- Identifying and validating exhaled breath biomarkers for the development of a breath test that may help to identify and diagnose someone with early stage lung cancer. This tool also would help determine the prognosis from the cancer, predict or monitor the response to therapy, and advance our overall understanding of the pathobiology of the cancer.
- Conducting lung cancer screening trials using a computer-aided detection chest X-ray system
- Developing a blood biorepository to study tests that are capable of assisting with the screening, diagnosis and management of patients with lung nodules and lung cancer
- New computer software is being studied that can help detect cancer when it is much smaller—it can be likened to using a metal detector in helping find a needle in a haystack.
- Identifying an association between the use of certain diabetes medications and a lower risk of developing lung cancer
- A new drug being studied called crizotinib (Pfizer) that is promising in about 5 percent of lung cancer patients. This targeted drug was shown to control the cancer in 90 percent of these patients and causing the tumor to shrink in about 60 percent of them, rates much better than would be expected with typical chemotherapy treatment.
Search Lung Cancer Clinical Trials
For an accurate listing of open lung cancer clinical trials, click on the following links:
Lung Cancer Clinical Trials
For some patients, participating in a clinical trial may be the best treatment choice. Clinical trials are done to find out if new cancer treatments are safe and effective, or to see if they are better than the standard treatment. Many of today’s standard treatments for cancer are based on earlier clinical trials. Patients who take part in a clinical trial may receive the standard treatment or be among the first to receive a new treatment.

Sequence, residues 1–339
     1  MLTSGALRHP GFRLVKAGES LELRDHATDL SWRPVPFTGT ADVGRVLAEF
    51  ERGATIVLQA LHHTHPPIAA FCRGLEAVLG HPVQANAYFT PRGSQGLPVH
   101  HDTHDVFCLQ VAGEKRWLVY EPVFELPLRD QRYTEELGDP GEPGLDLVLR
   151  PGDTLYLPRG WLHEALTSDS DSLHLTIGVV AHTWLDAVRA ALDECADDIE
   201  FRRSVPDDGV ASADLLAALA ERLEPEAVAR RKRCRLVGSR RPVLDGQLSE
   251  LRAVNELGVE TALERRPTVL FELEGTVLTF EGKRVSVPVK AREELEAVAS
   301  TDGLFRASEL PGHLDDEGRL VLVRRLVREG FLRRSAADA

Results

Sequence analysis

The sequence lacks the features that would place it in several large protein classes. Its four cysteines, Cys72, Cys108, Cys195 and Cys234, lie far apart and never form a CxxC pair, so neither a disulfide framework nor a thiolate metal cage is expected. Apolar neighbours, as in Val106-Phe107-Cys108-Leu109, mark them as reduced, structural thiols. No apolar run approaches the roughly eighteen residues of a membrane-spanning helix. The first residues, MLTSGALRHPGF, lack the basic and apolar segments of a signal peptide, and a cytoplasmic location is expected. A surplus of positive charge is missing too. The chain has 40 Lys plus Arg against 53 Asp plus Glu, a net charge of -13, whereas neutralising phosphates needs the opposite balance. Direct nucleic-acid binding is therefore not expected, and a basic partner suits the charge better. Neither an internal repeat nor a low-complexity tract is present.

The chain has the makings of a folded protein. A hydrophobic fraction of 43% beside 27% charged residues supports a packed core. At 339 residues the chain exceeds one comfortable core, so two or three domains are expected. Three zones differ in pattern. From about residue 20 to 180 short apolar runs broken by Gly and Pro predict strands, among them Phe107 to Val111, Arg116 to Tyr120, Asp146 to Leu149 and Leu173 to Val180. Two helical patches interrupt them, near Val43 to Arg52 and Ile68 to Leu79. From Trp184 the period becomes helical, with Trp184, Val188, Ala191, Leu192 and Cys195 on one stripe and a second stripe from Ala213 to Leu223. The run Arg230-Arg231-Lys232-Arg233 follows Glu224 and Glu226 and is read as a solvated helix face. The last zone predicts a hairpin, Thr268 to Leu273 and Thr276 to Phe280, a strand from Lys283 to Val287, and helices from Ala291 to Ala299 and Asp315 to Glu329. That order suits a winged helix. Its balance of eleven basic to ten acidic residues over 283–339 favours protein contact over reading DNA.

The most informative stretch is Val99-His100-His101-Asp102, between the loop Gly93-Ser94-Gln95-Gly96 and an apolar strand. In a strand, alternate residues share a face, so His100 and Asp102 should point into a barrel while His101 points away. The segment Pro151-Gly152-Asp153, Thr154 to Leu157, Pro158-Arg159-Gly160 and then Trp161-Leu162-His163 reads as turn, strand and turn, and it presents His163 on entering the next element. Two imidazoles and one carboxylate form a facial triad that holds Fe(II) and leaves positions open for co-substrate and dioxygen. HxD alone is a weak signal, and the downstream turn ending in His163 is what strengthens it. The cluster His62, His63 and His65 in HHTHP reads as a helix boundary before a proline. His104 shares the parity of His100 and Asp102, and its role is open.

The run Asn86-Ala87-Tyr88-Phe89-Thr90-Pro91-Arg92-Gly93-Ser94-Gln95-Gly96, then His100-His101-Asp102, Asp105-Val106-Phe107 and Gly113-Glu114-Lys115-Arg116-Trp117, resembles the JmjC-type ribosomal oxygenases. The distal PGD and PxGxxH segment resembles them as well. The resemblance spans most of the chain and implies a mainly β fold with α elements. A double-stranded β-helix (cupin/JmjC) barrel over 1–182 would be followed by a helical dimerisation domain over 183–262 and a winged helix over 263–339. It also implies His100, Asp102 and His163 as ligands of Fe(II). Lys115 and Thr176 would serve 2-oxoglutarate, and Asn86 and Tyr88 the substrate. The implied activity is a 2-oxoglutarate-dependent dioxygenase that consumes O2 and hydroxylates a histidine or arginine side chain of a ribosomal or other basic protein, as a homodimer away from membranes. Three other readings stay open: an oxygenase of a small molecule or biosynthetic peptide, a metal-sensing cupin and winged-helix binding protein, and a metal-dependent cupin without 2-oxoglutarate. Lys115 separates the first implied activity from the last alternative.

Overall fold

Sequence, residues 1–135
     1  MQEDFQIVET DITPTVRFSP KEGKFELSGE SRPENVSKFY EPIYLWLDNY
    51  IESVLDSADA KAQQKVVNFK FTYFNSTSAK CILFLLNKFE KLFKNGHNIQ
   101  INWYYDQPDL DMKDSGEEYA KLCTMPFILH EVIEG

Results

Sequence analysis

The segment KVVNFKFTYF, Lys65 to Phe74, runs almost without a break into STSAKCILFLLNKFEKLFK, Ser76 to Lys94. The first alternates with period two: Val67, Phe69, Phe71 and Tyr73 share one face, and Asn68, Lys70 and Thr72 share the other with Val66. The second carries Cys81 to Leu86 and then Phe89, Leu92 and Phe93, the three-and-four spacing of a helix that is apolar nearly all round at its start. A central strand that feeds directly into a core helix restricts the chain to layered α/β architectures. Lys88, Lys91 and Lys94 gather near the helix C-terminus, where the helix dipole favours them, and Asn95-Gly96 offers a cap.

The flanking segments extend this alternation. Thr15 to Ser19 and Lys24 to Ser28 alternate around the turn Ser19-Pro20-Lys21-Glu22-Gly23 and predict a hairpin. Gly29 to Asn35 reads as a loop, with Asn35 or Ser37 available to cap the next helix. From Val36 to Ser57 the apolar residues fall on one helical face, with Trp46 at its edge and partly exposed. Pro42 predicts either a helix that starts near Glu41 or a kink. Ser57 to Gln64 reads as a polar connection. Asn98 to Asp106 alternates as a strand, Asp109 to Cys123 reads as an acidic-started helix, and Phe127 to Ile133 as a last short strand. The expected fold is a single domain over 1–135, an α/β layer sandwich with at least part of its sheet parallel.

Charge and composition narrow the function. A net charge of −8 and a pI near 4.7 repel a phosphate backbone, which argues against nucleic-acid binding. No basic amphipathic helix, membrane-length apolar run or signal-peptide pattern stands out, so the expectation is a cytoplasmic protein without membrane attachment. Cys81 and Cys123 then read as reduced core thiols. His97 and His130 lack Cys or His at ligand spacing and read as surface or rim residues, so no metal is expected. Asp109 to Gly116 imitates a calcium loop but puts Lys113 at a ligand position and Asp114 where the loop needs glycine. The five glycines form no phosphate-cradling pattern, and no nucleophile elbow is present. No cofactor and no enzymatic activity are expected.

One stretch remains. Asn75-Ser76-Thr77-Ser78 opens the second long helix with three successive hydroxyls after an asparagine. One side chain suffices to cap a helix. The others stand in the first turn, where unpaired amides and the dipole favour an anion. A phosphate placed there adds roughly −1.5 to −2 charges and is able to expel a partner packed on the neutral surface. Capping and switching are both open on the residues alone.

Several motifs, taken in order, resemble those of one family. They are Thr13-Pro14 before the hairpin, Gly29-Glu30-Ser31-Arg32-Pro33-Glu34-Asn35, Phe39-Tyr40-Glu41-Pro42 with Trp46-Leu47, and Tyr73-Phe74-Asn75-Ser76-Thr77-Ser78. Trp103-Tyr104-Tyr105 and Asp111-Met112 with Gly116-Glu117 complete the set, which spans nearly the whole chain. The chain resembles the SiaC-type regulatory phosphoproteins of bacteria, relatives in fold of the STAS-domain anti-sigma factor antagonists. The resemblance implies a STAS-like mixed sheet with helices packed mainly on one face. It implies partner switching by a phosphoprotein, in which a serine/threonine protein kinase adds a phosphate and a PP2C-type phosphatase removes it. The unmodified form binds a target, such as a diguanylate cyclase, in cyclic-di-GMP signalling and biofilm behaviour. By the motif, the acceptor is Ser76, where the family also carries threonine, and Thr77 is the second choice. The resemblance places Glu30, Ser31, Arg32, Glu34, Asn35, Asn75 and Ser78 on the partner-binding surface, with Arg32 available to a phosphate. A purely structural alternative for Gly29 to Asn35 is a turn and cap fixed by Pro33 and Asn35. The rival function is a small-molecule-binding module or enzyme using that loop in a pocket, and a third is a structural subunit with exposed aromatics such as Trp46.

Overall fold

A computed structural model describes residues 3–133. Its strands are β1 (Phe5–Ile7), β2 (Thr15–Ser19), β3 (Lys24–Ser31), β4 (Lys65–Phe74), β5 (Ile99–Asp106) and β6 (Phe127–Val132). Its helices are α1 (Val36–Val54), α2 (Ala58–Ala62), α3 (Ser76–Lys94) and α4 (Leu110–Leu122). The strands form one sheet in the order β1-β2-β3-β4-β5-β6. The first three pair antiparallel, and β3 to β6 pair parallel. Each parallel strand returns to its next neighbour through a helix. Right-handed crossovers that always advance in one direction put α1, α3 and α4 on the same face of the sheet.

Patients who take part in clinical trials also help improve the way cancer will be treated in the future. Even when clinical trials do not lead to effective new treatments, they often answer important questions and help move medical knowledge forward.
There are a number of trials available for patients with lung cancer at Cleveland Clinic. These trials provide patients access to novel or experimental testing and treatment that may not be offered at other institutions. For more information about lung cancer clinical trials at Cleveland Clinic, visit the clinical trials listing.
For Medical Professionals
Our secure online service, Dr.Connect, provides referring physicians access to patient’s treatment progress with streamlined communication from Cleveland Clinic physicians to your office, allowing continued participation in the ongoing care of patients. With the best possible treatment plans and coordinated care, our team approach benefits both the patient and the referring physician.
Lung Cancer Screening Referral Form
To refer a patient to the Lung Cancer Screening Program at Cleveland Clinic, please complete the following form. If you have any questions, please call the Lung Cancer Screening Program at 216.445.3800.
Patients must meet all the following criteria to be eligible for the screening.
- Have a 30 pack year history of smoking (cigarettes only)
- Ages 55-77
- Have smoked within the past 15 years
- Have no signs or symptoms of cancer
- Healthy enough and willing to undergo curative intent treatment